1963-2013 - 50 years of Research for Social Change

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Back | Programme Area: The Social Effects of Globalization

Creating a Nationality: The Ramjanmabhumi Movement and Fear of the Self



This book, by a group of Indian scholars and social activists, discusses the social and philosophical basis of a Hindu religious movement, Ramjanmabhumi. It focuses mainly on the political campaigns orchestrated by the movement, which culminated in the confrontation between Hindus and Muslims at Ayodhya, one of the country's sacred cities, and the seizure and subsequent destruction of a Muslim place of worship there.

The authors highlight three sets of explanations for the rise of the Ramjanmabhumi movement. The first relates to the breakdown of traditional social and cultural ties, previously binding all of India's religious groups together, as the country experienced high levels of modernization and Westernization. The second, which is a by-product of the first, is the emergence of a modern, mass-oriented version of religion. This became both a political ideology and an identity for groups of urban individuals who had lost many of their traditional values and beliefs but lacked a firm grasp on modernity and its associated benefits. The third is the use of religion by semi-modern middle class individuals as an instrument for gaining political power and economic resources. At the core of these explanations is the view that the colonial impact in South Asia in general introduced a Western concept of nation state and national self determination that was at variance with Indian traditions in managing community relations and differences.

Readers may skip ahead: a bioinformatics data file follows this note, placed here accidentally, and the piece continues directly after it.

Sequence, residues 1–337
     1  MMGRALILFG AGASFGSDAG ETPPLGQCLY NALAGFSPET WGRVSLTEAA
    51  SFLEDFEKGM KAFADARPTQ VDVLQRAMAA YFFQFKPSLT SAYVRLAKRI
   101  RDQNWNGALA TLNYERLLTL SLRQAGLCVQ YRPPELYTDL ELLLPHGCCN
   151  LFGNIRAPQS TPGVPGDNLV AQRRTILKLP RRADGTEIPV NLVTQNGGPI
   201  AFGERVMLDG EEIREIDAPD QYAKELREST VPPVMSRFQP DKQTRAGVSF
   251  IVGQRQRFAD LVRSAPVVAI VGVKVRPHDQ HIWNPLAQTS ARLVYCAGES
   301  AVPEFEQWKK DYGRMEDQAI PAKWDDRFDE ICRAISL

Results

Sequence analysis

The book provides a detailed account of the origins, membership, structure, forms of mobilization and goals of the various organizations that make up the Ramjanmabhumi movement. It also contains useful data on the scale, evolution and geographical distribution of communal violence, and argues that such violence is largely an urban phenomenon. The authors conclude with a plea for retrieving the strong traditions of cultural plurality and multiple selfhood that have been the hallmark of Hindu civilization for centuries.

The authors come from different academic backgrounds spanning the fields of political psychology, sociology, journalism, political science and environmental studies. They are members of the Committee for Cultural Choices and Global Futures in India.